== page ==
Looking at Toni Petersson’s resume – an eclectic mix of liquor, lifestyle and realty roles, spanning Sweden to Costa Rica – it’s difficult to understand just why he decided to accept the position of CEO at Oatly. What was it that attracted him to this small, Swedish company that produces a milk alternative?
“I don't pursue anything if I don't think I will feel fulfilled,” he tells The CEO Magazine. “As an entrepreneur, if I ever want to do something, I just do it. I don’t feel like I have any other concerns. If I want to start a business, I’ll start a business. With Oatly, it was extremely simple. I decided I wanted to work for them, so I did.”
Toni’s flamboyant style was just what Oatly needed when he joined in 2012. Originally founded in 1994 by Swedish scientists at Lund University, Oatly spent about two decades flagging on the market. The unfamiliar taste of oat milk didn’t help, while opposition from Sweden’s dairy lobby proved another obstacle.
When he first drank Oatly’s oat milk, Toni recalls how he was impressed by the sustainability of its production and lack of sugar content. He says, however, that he found drinking oats “awkward”, and that Oatly’s accompanying marketing didn’t inspire him much. Having witnessed a rise in popularity of soy and almond milk in recent years, Toni wanted to reorient Oatly’s marketing towards younger, trendier milk drinkers.
Consequently, Toni went about redesigning Oatly’s milk cartons with self-deprecating slogans and a minimalistic typeset. In a series of commercials, he leaned into oat milk’s polarising taste and general obscurity, producing a series of unusual televised advertisements.
In one clip, he enters into a 30-second debate with a cow over Oatly’s commitment to producing plant-based milks. In another, he stands alone in a field with a synthesiser, repeating the phrase “Wow, no cow!”.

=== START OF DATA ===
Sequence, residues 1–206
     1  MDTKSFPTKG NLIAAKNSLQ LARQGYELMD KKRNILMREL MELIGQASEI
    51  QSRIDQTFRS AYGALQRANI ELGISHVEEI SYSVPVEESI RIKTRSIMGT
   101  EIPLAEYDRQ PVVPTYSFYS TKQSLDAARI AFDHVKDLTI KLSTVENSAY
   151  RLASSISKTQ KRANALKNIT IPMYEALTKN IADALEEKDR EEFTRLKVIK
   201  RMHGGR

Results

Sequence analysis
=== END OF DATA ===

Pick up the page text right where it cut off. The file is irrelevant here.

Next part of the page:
Yet another features elderly men and women drinking oat milk, politely hiding their disgust with its flavour profile. While the campaign was odd, it lent Oatly an instantly identifiable attitude that positioned oat milk as a quirky and adventurous milk alternative.
“When it comes to business, my strength is bringing ideas to fruition,” Toni tells The CEO Magazine. “You can have the most beautiful product in the world but it is worthless if you don’t have the strategy and execution. With Oatly, what I kept asking myself was, ‘How do we make this business relevant to people?’ That was what we wanted to answer with the marketing campaign.
“the most beautiful product … is worthless if you don’t have the strategy and execution.”
Toni’s rebranding of Oatly has paid off. Today, the company has found an audience with hipsters and coffee aficionados who appreciate oat milk’s buttery taste and sustainable production. However, as oat milk has found a place on the shelves of Brooklyn’s coffeehouses and bodegas, Toni says that meeting surging demand has proven to be a challenge.
“In the past year, Oatly has doubled in size. Anyone can tell you that puts pressure on a company,” says Toni. “I think it’s important, though, that we don’t become overly corporate and institute too much of a structure because of it. That would be the easy thing to do, but it would destroy so much of our flexibility.
“In some respects, the operational aspects become easier as the company grows because I can delegate specific aspects of the business to teams of executives and managers. The challenge for Oatly, though, is that I want the company to be known as a customer-friendly business. That’s going to be more difficult as we expand and try to retain those values.”
As Oatly continues to gain traction globally with its eccentric marketing techniques and uniquely sustainable production processes, Toni remains devoted to maintaining his entrepreneurial mindset.
“We’re not an easy company to work with. We are unconventional. Things are changing here every day and if you want to work with us you need to have that drive and desperation to go out and make a difference every single day.”
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